Better to write for yourself and have no public, than to write for the public and have no self. - Cyril Connolly
Thursday, May 05, 2005
Day 2: Duct Tape
Jazzfest: Day 1.

So, upon getting out of bed the next morning, I went to stand up and felt as though I had stepped on glass shards with my left foot. I fully expected my head to feel like that, but not my foot! I hobbled over to turn on the light, and discovered that I no longer had any skin left at all on my big toe, the ball of my foot was one gigantic blister, and my little toe was also completely blistered. Damn tennis shoes!! I performed some minor surgery to alleviate the blisters, applied some bandages, and determined that I was destined to wear flip flops for the rest of the week to avoid having anything rub on my foot. After a day of limping along in pain, losing the bandages, and having blood oozing on everything, I went to Walgreen's and bought some gel bandages ("second skin"). They still didn't hold well with sandals, and the bottom of my foot was a piece of raw meat. I finally applied duct tape to hold the gel on, and hold the mess together - yes, duct tape, - and it did the trick! So despite that bit of unpleasantness, we had an awful lot of fun our first day out (although favoring my foot made for some awkward dance moves - more awkward than usual that is).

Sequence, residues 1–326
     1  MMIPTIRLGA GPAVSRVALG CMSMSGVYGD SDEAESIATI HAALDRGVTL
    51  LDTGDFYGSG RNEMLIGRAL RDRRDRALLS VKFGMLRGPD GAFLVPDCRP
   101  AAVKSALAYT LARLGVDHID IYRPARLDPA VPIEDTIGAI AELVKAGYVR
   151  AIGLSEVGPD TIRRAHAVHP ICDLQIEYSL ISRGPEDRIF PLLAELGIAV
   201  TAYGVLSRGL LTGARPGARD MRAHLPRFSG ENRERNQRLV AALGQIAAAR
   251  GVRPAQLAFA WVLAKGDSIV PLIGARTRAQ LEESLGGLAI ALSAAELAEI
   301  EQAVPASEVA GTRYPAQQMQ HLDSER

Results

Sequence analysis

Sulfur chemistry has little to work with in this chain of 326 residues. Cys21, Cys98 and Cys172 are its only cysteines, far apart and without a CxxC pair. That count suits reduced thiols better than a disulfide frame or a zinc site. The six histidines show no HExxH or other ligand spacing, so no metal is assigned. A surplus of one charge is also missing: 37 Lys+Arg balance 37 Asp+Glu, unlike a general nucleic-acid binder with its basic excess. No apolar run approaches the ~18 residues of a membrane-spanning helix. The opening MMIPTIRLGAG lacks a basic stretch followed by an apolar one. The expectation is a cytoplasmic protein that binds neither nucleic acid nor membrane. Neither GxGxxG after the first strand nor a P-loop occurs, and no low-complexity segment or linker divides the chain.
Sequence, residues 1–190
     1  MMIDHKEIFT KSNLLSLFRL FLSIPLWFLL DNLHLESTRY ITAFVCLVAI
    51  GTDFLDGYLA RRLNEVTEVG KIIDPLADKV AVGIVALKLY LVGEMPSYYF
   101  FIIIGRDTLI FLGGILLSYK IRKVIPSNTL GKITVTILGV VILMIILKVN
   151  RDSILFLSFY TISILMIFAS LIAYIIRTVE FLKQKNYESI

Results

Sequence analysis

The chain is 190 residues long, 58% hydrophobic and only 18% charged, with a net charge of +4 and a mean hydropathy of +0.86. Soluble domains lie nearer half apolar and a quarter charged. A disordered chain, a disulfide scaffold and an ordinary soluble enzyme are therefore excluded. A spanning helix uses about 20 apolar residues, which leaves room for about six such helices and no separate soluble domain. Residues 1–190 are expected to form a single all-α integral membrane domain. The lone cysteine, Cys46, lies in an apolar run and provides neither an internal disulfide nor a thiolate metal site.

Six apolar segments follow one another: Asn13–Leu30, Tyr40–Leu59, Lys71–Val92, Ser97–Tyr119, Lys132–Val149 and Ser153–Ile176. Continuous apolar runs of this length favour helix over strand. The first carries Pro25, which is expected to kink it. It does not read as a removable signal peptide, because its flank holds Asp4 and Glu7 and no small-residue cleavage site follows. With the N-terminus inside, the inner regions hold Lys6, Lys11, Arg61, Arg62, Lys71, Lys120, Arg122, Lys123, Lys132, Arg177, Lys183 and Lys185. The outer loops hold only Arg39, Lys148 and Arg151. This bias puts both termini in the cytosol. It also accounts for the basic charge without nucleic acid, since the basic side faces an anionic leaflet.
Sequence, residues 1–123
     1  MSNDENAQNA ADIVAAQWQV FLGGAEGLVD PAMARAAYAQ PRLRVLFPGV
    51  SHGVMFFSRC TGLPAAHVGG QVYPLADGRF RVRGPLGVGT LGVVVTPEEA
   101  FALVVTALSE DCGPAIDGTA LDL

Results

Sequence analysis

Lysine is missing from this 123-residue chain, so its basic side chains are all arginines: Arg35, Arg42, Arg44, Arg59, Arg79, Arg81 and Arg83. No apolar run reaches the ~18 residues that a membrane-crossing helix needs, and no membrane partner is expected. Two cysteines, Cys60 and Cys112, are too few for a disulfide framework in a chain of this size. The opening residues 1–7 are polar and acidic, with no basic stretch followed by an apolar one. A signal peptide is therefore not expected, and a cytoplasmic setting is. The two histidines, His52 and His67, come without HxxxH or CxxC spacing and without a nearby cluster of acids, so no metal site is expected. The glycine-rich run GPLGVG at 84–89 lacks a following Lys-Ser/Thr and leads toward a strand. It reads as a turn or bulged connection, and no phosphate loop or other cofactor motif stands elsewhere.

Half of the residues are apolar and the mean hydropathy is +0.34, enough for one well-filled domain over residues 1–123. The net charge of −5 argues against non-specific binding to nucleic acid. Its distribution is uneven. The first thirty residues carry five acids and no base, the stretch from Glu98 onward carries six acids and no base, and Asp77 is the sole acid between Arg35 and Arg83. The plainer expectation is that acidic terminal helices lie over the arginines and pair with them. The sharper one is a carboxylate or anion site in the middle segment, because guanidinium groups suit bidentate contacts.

First, a primer on Jazzfest for the uninitiated: This was the 35th year of Jazzfest which first started in 1970 and featuring gospel legend Mahalia Jackson and jazz great Duke Ellington. Jazzfest is largely a misnomer - the festival is really designed to promote all the elements of Louisiana heritage: a large daytime fair with multiple stages featuring a wide variety of indigenous music styles, food booths of Louisiana cuisine, and arts and crafts booths. So in addition to jazz, you have equal representation of the very best of Southern rock, bluegrass, blues, R&B, funk, Caribbean, folk, gospel, Cajun, Zydeco, Native American and African Congo music. To be honest, New Orleans really does represent the very best musical heritage that is uniquely American.

By the second year, Jazzfest moved to its current location, the Fair Grounds Race Course, which is the third-oldest racetrack in America (open since 1872). Jazz Fest grew quickly over the next few years, constantly expanding its use of the 145-acre site.

So - Day 1. The grounds open at about 10:00 every day, and the first set starts at 11:00. Each "concert" is between 45 minutes to 1.5 hours long, and you can sit in for a few songs and then wander next door and catch another act to maximize your time and exposure to some great groups. We arrived and set off to see Ellipsis, a great start to the day given their unique mix of soulful, bluesy, folky rock.